# SWITRS: Differences in Vehicle Collision Rates by Manufacturer During COVID-19

As I prepared to write my post on the increase in traffic fatalities during COVID-19, I made some exploratory plots. One plot made me stop and stare. Here it is:

This plot isn’t perfect—I will fix it below—but even so it is striking. Before the stay-at-home order the number of collisions involving Toyotas was much higher than those involving Fords. After the order, the trend flips. Fords have more collisions. I had to figure out why.

The code for this analysis can be found here (rendered on Github). The data is available on Kaggle or Zenodo. There is a hosted Kaggle Notebook version of this post as well to help you dive right in.

## Data

I select all collisions between 2019 and November 30, 2020 that involve a Toyota or a Ford, with this query:

``````SELECT c.collision_date
, p.vehicle_make
, count(1) as total
FROM collisions AS c
LEFT JOIN parties as p
ON p.case_id = c.case_id
WHERE c.collision_date IS NOT NULL
AND c.collision_date BETWEEN '2019-01-01' AND '2020-11-30'
AND p.vehicle_make IN ('ford', 'toyota')
GROUP BY 1, 2;
``````

I start the data in 2019 because I need a sample from before the pandemic changed behavior, but I didn’t want to go too far back because collision rates vary drastically year-to-year. I cut off the data in November because the reporting is not yet complete for December.

## Normalized Collision Rate

The number of collisions depends on many factors, primary among them is vehicle miles traveled.1 To help control for VMT, I normalize the mean number of collisions for each make of vehicle from January through June of 2019. This gives me a baseline to compare against. Here is the normalized plot:

## Interpretation

The normalized rates match up well through the Christmas and New Year holidays, which is the two-week dip caused by people taking time off work and hence not commuting. But right after, the series diverge:

• Toyota collisions trend down a few weeks before the stay-at-home order and drop off significantly the week before. Ford collisions stay constant until the order. This suggests that Toyota drivers made a decision to stay home by themselves while Ford drivers waited until the state mandated it.
• Toyota collisions drop much more the week of the order, likely indicating that more Toyota drivers stayed at home when told to do so.
• Ford collisions recovered towards their pre-pandemic level faster than Toyota collisions, indicating that Ford drivers were quicker to get back on the road when allowed to.

Taken together, I think these observations suggest the difference is due to a white-collarblue-collar divide. White-collar workers generally have more flexible work arrangements and their jobs are easier to do from home, whereas blue-collar workers have to travel to a job site to perform their work. Blue-collar workers are more conservative than white-collar workers and more likely to buy American branded cars like Fords.2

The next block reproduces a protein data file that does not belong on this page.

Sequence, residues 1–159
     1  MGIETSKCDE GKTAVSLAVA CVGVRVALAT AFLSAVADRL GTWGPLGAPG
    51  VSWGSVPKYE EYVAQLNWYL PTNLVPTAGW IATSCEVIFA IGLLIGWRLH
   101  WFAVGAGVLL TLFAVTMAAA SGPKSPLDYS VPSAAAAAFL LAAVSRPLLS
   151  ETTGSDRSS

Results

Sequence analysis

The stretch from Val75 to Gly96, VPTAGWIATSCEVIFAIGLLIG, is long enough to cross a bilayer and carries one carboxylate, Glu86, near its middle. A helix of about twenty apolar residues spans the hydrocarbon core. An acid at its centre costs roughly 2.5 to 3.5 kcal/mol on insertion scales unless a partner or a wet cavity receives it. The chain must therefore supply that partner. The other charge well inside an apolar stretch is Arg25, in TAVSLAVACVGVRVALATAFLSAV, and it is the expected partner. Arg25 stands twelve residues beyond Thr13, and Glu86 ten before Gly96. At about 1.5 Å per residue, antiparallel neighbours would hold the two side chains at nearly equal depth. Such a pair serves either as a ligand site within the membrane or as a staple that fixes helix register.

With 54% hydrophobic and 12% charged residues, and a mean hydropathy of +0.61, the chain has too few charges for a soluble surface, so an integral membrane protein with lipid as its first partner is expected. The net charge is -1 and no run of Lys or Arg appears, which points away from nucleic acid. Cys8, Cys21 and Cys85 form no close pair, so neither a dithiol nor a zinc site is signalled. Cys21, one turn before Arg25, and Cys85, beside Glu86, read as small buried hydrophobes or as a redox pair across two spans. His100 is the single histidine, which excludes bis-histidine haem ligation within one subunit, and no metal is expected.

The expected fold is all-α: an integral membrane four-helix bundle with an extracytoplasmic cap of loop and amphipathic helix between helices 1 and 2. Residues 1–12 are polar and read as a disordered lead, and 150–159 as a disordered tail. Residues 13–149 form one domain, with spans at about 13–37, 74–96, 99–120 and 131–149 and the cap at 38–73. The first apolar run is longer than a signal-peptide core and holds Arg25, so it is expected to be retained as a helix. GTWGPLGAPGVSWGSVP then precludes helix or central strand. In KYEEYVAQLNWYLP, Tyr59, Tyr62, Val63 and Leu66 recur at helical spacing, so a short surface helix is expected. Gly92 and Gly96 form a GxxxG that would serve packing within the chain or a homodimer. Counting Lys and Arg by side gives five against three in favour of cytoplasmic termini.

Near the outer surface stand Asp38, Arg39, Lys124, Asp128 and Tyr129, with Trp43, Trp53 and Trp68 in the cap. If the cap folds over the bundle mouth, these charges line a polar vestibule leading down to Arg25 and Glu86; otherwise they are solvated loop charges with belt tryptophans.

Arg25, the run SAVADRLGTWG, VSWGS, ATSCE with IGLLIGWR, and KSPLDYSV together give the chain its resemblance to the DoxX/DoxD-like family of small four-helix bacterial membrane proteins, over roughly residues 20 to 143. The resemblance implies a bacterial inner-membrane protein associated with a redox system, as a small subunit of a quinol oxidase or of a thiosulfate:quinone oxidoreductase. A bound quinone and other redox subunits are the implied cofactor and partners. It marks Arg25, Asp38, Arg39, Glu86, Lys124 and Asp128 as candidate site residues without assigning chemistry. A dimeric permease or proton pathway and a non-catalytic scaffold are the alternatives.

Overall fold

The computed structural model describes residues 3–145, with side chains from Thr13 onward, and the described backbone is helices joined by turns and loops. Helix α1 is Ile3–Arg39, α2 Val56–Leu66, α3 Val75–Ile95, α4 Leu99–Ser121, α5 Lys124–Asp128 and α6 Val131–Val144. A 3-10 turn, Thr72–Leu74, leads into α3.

Initially I thought this difference would be driven purely by the prevalence of Ford trucks, but as we shall see it is not just trucks versus cars.

### Trucks

Is it just that there are more Ford trucks? No.

The same pattern holds, although both makes recover faster, with Fords returning to pre-pandemic levels and Toyota getting to 80%, which is much higher than the 50% Toyota reached when including non-trucks.

### Location

Perhaps Ford owners just live in areas with looser restrictions, like the Central Valley? No. Here is data from Contra Costa County, part of the Bay Area:

It is the same pattern, but with a lot more noise due to the smaller population.

### Age

Young drivers get in more accidents. Perhaps there is a strong age difference driving the trend? There is an age difference, see:

But that alone doesn’t account for the pattern:

### Putting It All Together

A person’s identity is made up of many traits: their age, their politics, where they live, what job they do, and yes, what car they drive. I looked at three different traits—vehicle type, location, and age—and none of them explain the entirety of the collision rate difference between Toyotas and Fords after the COVID-19 stay-at-home order. My conclusion is that Ford drivers are just different from Toyota drivers, in multiple ways, each of which contributes to the trend.

1. From the Minnesota Department of Public Safety:

Volume of traffic, or vehicle miles traveled (VMT), is a predictor of crash incidence. All other things being equal, as VMT increases, so will traffic crashes. The relationship may not be simple, however; after a point, increasing congestion leads to reduced speeds, changing the proportion of crashes that occur at different severity levels.

Minnesota Department of Public Safety, Office of Traffic Safety (2014). Minnesota Traffic Crashes in 2014, Page 2

2. The type of car and brand both are driven by political leaning:

The most left-leaning models with at least a dozen sightings in Mr. MacMichael’s project were the Honda Civic (80-20 left-leaning), Toyota Corolla (78-19) and Toyota Camry (74-26). The list of most right-leaning was led by another Toyota, but a midsize SUV, the Toyota 4Runner (86-14), followed by the Ford Expedition (76-24) and Ford F-150 (75-25).

Tierney, John. (April 1, 2005). Your Car: Politics on Wheels, The New York Times.